Singing Nun Scientist:

From the wonderful Symphony of Science, whose mission should you choose to accept the invitation, is:

a musical project by John Boswell designed to deliver scientific knowledge and philosophy in musical form. Here you can watch music videos, download songs, read lyrics and find links relating to the messages conveyed by the music.

This is Carl Sagan “singing” A Glorious Dawn, with a roll-on part for Stephen Hawking. (Sagan would have been 75 last month. Happily, for that occasion, this track has been released as a 7″ vinyl record (!) by Third Man Records, the music publishing house run by Jack White of The White Stripes.)

There are a couple of other delightful videos of singing scientists – Dawkins, Feynman, Jastrow et al – on the Symphony of Science site, so beam over there and shake your star trek.


Nice rego:



Current favourite music video:

The wacky Flaming Lips’ tribal tune, Watching the Planets. Probably not safe for work unless your office is in Byron Bay or an ABC studio. Lots of naked bodies, like a Spencer Tunick event, only much more hippie, feral and fun. (I should mention that the lead Lips, Wayne Coyne, unsurprisingly, bares all for his art by the end. Good on the Coyne – heads and tails.)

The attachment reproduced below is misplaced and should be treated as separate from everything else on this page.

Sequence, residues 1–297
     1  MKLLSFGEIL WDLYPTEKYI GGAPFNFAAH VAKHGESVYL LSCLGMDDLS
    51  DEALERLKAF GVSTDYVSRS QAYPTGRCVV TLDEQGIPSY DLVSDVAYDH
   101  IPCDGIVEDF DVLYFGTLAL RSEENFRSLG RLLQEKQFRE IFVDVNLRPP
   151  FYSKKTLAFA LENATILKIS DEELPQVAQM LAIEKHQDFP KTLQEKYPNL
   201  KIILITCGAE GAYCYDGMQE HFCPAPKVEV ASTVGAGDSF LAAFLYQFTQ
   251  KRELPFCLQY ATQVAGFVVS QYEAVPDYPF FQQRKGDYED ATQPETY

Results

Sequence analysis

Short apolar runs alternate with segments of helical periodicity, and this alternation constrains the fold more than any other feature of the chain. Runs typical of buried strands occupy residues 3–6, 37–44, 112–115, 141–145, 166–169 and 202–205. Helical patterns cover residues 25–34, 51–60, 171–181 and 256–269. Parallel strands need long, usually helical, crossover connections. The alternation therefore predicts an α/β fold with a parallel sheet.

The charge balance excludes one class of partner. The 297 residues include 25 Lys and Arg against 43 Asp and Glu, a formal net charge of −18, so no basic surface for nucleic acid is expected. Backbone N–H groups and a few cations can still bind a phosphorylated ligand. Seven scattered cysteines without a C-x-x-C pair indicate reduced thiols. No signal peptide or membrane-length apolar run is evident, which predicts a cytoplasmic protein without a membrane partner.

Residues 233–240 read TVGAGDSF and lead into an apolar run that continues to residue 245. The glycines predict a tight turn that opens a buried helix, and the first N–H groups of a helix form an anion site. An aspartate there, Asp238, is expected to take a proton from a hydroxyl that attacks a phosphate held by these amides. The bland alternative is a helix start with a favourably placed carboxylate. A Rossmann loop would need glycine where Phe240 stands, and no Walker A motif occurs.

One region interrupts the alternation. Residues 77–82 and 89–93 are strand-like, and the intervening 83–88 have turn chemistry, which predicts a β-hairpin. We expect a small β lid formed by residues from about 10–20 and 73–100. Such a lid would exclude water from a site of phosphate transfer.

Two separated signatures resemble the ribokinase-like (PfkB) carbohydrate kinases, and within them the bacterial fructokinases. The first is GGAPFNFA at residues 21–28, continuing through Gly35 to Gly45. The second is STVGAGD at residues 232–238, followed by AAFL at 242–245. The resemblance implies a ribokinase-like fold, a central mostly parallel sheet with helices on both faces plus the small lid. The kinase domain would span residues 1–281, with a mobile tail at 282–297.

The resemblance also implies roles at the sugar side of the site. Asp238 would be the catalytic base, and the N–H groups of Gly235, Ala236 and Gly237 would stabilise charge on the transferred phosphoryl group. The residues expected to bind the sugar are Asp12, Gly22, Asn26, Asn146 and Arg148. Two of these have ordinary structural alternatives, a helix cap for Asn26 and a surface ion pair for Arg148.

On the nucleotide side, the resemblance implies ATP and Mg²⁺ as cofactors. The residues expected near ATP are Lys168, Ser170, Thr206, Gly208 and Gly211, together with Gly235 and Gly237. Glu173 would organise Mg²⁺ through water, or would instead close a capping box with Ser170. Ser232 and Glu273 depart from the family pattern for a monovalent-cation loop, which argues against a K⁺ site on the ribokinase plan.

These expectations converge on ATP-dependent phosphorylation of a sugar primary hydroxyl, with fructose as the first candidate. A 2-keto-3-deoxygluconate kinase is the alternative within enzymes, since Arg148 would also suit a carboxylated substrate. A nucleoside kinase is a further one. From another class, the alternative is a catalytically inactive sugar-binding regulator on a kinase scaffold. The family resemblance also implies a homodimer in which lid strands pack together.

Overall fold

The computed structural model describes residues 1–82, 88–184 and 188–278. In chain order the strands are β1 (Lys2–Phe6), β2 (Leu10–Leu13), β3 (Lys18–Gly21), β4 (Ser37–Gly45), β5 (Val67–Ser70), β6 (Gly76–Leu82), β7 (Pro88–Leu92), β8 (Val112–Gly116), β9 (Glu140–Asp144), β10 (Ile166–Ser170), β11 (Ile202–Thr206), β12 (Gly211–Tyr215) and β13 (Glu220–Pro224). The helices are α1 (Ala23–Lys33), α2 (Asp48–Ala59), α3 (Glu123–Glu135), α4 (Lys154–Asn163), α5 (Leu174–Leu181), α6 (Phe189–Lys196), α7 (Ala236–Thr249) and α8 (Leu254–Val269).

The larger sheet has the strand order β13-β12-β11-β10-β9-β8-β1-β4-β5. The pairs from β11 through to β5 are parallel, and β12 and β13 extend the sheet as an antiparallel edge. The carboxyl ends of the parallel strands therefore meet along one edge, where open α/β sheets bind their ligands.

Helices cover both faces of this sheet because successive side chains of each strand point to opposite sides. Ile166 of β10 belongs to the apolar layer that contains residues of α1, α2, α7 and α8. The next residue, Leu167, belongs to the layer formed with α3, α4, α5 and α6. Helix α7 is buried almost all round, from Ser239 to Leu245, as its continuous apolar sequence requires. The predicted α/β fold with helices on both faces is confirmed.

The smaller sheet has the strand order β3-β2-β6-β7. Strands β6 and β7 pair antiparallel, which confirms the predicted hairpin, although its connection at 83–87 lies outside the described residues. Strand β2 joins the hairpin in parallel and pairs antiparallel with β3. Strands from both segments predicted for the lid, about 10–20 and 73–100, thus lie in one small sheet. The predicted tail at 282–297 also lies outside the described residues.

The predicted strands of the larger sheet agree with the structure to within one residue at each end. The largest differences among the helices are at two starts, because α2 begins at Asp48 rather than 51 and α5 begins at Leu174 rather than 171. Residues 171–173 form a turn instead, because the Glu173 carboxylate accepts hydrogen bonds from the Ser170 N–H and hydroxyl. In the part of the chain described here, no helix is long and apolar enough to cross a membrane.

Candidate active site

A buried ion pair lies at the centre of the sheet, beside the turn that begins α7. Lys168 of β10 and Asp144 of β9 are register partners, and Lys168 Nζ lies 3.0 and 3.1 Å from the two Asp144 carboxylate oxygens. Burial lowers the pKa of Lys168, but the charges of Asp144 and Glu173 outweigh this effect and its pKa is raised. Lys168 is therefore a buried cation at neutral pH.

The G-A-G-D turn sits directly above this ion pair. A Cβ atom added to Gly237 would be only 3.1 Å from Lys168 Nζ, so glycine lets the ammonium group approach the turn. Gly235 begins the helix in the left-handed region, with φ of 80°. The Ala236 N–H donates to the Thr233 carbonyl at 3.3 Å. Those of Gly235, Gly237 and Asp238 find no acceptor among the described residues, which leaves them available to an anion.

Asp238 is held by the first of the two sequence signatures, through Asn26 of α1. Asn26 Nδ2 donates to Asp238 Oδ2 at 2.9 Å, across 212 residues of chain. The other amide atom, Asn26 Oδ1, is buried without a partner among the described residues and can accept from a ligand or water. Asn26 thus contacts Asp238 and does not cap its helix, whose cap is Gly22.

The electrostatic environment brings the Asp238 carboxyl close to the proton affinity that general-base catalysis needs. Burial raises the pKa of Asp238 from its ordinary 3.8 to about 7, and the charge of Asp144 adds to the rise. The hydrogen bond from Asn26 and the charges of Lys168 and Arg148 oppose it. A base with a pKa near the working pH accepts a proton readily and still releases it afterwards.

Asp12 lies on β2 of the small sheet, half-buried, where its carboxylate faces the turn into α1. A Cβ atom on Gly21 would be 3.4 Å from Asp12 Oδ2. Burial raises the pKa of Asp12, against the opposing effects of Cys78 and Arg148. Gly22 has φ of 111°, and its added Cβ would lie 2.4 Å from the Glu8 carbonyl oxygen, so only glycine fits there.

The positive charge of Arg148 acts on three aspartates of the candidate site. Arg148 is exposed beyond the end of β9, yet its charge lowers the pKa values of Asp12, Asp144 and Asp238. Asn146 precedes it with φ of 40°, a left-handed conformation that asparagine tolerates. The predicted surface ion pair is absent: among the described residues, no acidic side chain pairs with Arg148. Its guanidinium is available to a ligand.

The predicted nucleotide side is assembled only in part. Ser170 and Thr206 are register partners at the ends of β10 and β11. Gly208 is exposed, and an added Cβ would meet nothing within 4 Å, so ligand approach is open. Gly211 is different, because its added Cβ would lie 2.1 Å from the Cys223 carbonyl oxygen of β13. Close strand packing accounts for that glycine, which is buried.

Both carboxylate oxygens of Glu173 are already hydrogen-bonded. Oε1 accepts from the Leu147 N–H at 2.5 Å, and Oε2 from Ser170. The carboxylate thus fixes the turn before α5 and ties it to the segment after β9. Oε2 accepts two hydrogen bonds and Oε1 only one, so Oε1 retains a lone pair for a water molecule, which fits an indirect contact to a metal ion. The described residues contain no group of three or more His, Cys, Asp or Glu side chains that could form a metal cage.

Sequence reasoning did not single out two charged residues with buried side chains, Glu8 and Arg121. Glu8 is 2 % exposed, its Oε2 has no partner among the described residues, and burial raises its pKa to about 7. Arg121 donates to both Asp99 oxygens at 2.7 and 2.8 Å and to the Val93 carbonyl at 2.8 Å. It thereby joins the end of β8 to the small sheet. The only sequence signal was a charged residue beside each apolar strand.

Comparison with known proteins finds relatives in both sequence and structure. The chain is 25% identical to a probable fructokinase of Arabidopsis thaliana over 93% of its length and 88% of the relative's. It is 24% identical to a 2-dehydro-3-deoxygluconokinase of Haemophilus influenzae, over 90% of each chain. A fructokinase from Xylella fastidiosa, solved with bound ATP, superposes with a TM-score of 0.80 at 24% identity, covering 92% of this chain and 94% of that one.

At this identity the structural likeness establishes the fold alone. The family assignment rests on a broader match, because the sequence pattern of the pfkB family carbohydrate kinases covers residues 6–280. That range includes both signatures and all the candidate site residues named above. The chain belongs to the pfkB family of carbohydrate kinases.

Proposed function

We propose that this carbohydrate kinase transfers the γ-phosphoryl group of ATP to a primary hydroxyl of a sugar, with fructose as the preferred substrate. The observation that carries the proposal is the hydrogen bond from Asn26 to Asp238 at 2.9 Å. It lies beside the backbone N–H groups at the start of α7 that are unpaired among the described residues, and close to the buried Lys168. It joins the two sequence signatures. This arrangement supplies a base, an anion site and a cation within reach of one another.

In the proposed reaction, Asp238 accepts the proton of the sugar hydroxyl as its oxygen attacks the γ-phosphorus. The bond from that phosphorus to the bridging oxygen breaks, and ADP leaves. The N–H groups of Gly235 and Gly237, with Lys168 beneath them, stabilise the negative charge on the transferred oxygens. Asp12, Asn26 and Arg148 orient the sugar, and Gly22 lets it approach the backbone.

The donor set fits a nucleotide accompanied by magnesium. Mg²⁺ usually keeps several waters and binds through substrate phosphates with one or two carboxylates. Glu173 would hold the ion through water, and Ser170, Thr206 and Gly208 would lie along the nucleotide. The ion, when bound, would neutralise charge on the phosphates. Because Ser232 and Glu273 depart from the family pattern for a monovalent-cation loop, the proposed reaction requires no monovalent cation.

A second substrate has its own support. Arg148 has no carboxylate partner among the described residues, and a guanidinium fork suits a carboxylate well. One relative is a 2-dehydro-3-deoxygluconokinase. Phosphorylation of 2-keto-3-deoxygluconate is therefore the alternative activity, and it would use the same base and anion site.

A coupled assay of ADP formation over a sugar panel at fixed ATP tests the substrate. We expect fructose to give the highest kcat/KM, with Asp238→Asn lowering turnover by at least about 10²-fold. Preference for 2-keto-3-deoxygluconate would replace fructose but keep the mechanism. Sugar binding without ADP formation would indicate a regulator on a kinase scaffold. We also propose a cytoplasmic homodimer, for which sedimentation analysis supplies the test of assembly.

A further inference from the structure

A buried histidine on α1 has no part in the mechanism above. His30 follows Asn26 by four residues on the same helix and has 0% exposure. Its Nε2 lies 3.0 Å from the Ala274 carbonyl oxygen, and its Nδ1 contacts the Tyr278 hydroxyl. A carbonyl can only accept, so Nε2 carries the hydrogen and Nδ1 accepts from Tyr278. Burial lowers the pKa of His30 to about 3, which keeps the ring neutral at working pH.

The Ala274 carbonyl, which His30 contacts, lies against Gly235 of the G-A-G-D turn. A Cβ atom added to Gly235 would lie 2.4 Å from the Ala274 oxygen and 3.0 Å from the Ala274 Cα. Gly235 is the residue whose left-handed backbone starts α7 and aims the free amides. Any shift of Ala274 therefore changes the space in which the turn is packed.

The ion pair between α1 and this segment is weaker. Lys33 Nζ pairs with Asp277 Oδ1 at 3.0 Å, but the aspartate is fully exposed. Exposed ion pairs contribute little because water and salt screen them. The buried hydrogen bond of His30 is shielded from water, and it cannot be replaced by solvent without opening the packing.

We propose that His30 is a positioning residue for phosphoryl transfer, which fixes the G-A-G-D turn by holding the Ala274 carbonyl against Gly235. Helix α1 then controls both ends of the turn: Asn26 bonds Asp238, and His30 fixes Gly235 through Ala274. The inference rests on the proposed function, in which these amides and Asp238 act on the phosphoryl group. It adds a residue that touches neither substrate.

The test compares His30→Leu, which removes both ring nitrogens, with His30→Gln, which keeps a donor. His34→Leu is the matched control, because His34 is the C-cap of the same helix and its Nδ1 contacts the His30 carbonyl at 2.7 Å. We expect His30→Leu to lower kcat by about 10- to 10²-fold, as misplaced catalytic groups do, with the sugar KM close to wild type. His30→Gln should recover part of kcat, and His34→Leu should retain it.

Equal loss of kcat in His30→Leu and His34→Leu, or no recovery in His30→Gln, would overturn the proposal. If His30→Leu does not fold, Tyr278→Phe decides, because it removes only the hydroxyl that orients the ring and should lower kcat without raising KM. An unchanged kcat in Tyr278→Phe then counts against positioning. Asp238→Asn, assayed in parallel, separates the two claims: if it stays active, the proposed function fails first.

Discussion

Scrooge him:
I really don’t like the way the current Christmas Carol movie looks. Verily like animated wax. Thankfully it’s critically unacclaimed (despite what David & Margaret and other Oz reviewers say).
Anyway, the always fascinating Morgan Meis has posted a festive essay on Dickens’ A Christmas Carol: Marley and Me. He begins:
The first sentence of A Christmas Carol is “Marley was dead: to begin with.” It’s a terrible way to start a story about Christmas. But A Christmas Carol isn’t great because it’s a great story. In fact, A Christmas Carol is a flimsy story. The characters are mostly clichés.
Then Scrooge has some bad gravy, a nightmare about three ghosts, and he spends Christmas Day in a hysterical fit sending turkeys all about the city and giving everyone raises. He’s so happy not to be dead … An unbelievable asshole but a day ago, Scrooge is now the picture of human kindness. I, for one, don’t buy it.
Deploying the ol’ contrarian strategy, Meis isn’t raspberrying a bah humbug to the Big Dick-ens; rather ‘Marley and Me’ is an appreciation of the great Victorian. But you’ll have to read it to see how Meis loops the loop and returns the turkey to Mr D.

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